One of the first questions that injured accident victims may have is: “How long does my case take to settle?”
Although there is not an exact answer to this question, the answer depends on what type of accident you were in. As a general rule, car insurance companies are quicker to pay (money to settle an accident victim’s bodily injury liability claim) than the insurance company for the owner of a place (e.g. supermarket, hotel, condominium complex, house, restaurant, etc.) where you were injured. There are 2 reasons for this:
1. Easier Investigation:
It generally takes longer for the insurance company of premises to investigate the claim of someone who is injured on another’s property. This is because a premises liability insurer doesn’t have a crash report (which is given in every car accident if the police arrive at the scene).
The accident report gives a car insurer the benefit of looking at the police officer’s investigation which generally assigns fault to one of the drivers. The crash report also may list the facts surrounding the crash.
Sometimes, there are only 2 drivers involved in an auto accident. If this is the case, the motor vehicle insurance company can contact the driver insured by them. If the driver admits fault, they do not have to further investigate the claim to see who was at fault. The claims adjuster still may contact the driver that did not receive a ticket.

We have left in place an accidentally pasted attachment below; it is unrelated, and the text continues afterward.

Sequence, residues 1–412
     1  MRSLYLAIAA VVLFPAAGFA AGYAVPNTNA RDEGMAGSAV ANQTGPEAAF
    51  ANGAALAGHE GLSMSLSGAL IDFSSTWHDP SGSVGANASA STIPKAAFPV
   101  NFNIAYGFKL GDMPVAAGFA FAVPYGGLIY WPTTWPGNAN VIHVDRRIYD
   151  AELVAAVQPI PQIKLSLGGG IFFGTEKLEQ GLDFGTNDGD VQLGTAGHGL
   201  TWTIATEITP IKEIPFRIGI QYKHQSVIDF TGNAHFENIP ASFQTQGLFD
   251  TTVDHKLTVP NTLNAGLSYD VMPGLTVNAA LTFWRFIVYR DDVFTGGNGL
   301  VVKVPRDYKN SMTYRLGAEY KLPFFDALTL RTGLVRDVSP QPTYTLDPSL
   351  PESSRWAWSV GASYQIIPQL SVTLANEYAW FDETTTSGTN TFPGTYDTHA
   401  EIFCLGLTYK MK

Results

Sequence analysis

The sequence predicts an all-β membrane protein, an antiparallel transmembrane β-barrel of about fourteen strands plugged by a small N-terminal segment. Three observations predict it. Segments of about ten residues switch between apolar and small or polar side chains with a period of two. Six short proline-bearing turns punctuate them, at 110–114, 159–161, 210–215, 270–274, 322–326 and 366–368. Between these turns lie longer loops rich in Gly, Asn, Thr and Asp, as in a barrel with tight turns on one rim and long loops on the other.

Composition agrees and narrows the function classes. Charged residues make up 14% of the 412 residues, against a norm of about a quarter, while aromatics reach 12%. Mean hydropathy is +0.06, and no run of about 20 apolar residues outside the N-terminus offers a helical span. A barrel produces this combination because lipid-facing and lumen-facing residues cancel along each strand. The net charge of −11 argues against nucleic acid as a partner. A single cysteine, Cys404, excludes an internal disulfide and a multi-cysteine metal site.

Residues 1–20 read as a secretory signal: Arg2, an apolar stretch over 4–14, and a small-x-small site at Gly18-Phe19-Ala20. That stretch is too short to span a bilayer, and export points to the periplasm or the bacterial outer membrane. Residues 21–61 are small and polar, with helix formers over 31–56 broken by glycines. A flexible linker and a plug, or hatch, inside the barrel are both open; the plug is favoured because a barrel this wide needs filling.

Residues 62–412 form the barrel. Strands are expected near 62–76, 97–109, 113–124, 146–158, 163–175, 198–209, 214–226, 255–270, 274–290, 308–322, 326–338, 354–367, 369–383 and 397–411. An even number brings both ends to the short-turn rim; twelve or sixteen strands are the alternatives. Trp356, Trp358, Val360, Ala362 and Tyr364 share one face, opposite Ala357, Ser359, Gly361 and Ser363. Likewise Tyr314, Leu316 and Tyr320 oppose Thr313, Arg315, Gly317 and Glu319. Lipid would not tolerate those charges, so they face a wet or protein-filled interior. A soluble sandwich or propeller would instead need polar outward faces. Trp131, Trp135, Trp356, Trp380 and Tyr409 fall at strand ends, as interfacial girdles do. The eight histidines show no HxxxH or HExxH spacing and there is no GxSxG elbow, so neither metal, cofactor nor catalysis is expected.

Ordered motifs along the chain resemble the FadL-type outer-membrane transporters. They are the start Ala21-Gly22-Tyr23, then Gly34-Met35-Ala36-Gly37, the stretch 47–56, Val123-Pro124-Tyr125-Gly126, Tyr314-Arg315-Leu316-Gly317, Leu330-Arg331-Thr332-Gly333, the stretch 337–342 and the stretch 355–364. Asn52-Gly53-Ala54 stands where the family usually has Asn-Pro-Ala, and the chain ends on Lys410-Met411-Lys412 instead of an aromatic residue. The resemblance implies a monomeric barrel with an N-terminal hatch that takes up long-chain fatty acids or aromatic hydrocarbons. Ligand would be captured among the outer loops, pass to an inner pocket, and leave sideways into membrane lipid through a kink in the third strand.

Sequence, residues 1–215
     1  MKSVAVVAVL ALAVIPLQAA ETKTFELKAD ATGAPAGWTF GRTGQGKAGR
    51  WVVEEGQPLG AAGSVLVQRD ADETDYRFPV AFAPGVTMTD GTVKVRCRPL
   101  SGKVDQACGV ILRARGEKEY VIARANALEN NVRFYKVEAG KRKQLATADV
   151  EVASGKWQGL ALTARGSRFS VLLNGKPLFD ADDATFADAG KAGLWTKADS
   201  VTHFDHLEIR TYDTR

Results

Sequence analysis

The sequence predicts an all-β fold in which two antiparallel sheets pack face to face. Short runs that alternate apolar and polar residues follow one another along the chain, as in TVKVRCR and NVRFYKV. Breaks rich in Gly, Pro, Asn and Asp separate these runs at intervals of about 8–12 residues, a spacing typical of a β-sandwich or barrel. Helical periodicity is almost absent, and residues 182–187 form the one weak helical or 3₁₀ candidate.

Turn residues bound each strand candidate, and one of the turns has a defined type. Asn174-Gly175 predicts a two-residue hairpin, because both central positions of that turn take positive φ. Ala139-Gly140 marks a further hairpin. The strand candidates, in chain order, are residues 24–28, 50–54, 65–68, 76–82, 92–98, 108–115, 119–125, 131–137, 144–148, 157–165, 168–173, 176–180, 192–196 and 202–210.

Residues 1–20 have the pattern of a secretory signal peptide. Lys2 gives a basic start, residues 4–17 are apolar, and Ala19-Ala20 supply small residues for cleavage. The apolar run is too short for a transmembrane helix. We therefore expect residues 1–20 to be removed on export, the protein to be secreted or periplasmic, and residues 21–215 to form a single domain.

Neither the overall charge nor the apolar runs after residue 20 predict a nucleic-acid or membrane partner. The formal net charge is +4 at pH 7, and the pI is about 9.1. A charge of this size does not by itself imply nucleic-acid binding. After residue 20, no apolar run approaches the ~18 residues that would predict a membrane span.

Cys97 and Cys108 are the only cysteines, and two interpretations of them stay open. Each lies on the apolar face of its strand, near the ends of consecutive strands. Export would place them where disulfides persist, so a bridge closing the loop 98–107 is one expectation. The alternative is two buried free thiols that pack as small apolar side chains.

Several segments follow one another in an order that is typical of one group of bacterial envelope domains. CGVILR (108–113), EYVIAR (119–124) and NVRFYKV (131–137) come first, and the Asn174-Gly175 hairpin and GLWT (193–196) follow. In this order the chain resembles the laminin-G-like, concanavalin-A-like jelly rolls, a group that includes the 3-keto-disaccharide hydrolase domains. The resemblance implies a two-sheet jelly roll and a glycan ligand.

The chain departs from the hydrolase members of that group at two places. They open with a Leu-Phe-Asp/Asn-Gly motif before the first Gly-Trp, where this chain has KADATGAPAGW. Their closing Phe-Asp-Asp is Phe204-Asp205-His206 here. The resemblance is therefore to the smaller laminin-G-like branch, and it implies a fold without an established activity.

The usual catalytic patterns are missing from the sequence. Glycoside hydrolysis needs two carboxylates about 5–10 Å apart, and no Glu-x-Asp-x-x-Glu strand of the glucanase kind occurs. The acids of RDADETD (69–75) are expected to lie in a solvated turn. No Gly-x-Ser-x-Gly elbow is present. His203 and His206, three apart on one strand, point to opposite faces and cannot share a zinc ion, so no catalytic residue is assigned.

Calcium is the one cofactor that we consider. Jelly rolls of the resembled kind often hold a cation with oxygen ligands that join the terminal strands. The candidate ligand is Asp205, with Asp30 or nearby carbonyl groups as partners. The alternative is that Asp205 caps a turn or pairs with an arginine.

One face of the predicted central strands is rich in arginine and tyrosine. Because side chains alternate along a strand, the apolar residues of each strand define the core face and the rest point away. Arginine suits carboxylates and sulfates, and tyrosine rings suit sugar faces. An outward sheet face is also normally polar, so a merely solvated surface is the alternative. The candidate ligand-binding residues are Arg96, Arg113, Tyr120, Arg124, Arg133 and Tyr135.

The adjuster may try to get his or her statement in order to see if he or she was also at fault – comparative fault. Speaking with the insurance company may hurt your case.
However, the insurance company for a premises, may have to speak with multiple employees of their insured to determine the facts surrounding the accident.
2. Bad Faith Exposure:
Many people who drive cars in Florida only have $10,000/$20,000 in bodily injury insurance. That means that the most the driver’s (who is at fault) auto insurance company will only have to pay one person is $10,000 for your injuries, regardless of how badly you are injured.
The exception is that if the motor vehicle insurance company of the person who is at fault doesn’t pay you within a reasonable time, then you can argue that they may have failed to act in good faith and now have to pay the verdict. This places pressure on the insurance company to pay.
Image By W. Robert Howell from Charlotte, NC, United States [CC-BY-SA-2.0], via Wikimedia Commons